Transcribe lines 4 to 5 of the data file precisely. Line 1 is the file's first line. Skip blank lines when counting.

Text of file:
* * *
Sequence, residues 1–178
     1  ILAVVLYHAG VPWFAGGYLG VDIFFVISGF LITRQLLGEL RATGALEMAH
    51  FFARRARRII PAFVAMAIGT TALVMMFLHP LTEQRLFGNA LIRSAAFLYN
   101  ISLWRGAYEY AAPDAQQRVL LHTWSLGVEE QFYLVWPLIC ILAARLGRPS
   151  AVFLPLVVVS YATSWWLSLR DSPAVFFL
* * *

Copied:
   101  ISLWRGAYEY AAPDAQQRVL LHTWSLGVEE QFYLVWPLIC ILAARLGRPS
   151  AVFLPLVVVS YATSWWLSLR DSPAVFFL